Century Dictionary and Cyclopedia
- Having a fault or blemish; specifically, in heraldry, broken or cut short: said of a cross, weapon, or the like, used as a bearing.
- adj. marred by imperfections
- adj. having a blemish or flaw
“It is possible that a good man may soon be forgotten by the malice of men, or, through the partiality and iniquity of the age, may have his name blemished after death, and be misrepresented to posterity: but for the most part it is otherwise; and though the world be very wicked, yet it seldom deals so hardly and unjustly with men of eminent goodness and virtue, as to defraud them of their due praise and commendation after death.”
“Dr Philpott added that Labour should accept its record on jobs was 'blemished', with 'far too many' young people not in education, employment or training.”
“Dr Philpott said Labour's record on jobs was 'blemished' by a persistently high rate of economic activity, with 'far too many' young people not in education, employment or training.”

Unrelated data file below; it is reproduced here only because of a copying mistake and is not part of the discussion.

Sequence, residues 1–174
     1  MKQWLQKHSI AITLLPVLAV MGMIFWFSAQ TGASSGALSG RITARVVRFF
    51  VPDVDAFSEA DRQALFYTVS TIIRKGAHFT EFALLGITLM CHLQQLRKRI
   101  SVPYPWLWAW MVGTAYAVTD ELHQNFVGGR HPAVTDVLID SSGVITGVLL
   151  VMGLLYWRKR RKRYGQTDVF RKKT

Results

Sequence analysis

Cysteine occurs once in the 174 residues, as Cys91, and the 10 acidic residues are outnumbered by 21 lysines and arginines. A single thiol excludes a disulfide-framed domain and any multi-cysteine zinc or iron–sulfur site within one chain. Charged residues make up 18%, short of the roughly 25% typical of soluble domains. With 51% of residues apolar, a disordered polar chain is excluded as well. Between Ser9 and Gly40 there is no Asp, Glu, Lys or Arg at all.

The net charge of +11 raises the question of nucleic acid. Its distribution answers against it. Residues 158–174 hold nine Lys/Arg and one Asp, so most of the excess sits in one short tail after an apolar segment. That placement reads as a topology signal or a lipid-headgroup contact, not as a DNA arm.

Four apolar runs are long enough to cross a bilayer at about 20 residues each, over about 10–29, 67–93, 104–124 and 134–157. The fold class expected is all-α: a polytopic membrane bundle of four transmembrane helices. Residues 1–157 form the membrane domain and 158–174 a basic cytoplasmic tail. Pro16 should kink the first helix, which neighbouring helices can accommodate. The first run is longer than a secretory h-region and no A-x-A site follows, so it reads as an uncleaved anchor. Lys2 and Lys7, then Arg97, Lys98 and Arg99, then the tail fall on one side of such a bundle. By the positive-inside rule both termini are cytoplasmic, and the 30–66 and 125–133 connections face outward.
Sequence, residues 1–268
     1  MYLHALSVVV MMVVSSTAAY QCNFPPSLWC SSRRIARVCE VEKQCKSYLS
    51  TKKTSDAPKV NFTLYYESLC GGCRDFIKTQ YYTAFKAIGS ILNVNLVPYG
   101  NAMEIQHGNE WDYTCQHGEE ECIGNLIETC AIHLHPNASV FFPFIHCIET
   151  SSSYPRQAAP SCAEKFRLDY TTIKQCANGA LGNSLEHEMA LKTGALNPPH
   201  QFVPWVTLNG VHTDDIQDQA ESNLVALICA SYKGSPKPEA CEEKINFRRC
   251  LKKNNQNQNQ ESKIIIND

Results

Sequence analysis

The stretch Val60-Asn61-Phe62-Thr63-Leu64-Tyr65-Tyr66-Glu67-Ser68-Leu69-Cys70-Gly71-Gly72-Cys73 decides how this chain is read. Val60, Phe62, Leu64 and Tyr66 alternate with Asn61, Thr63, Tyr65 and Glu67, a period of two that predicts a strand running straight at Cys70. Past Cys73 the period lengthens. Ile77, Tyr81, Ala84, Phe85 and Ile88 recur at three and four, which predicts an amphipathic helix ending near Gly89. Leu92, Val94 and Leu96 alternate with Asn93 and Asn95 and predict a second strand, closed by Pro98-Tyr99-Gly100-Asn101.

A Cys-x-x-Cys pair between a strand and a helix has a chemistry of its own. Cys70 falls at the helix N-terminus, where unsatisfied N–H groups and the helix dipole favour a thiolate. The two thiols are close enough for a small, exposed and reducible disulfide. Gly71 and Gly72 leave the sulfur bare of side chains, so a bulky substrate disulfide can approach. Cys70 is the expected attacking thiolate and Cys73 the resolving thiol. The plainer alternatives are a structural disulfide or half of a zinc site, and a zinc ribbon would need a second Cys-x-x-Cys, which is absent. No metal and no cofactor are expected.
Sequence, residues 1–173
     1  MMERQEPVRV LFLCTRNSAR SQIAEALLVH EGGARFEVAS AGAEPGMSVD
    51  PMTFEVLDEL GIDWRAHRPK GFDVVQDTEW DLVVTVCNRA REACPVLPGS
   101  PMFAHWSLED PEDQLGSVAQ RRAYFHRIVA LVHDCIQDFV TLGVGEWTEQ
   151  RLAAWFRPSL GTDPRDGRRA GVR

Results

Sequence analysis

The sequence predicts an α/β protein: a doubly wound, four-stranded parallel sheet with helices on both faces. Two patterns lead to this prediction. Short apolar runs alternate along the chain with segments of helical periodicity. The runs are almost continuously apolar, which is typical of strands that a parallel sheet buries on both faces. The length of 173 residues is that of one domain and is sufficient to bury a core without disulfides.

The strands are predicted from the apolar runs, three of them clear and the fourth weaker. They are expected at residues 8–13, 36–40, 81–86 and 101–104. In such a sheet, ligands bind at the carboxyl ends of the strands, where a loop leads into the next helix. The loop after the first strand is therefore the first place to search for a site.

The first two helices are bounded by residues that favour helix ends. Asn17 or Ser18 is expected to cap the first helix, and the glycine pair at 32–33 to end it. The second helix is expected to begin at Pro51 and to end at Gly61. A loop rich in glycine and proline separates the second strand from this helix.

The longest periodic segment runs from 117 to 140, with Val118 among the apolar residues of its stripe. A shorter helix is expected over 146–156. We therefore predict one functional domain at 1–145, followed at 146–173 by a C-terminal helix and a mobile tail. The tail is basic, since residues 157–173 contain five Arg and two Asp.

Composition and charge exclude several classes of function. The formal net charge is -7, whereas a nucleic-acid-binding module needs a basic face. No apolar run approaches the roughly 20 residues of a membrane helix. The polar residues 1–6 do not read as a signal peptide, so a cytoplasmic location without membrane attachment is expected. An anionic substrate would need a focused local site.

“It is possible to get "blemished" panels - meaning that they are less than perfect (sometimes a few scratches on the frame, and sometimes more), which are a few hundred dollars off, but still not cheap.”
“blemished" reports on their 2005/6 books from the Auditor General.”
“blemished" by a persistently high rate of economic inactivity with "far too many" young people not in education, employment or training.”
“I would never settle for a blemished gun nearly the price of new in a caliber I did not want.”
“After a college football season blemished by charges of rule-breaking agents and athletes, legislators from New Jersey to Oregon are looking to make it tougher on those who contact players improperly.”
“After a college football season blemished by charges of rule-breaking agents and athletes, legislators from New Jersey to Oregon are looking to make it tougher...”
“Bringing a blemished sacrifice on God 's altar is an abomination (Deuteronomy 17: 1).”
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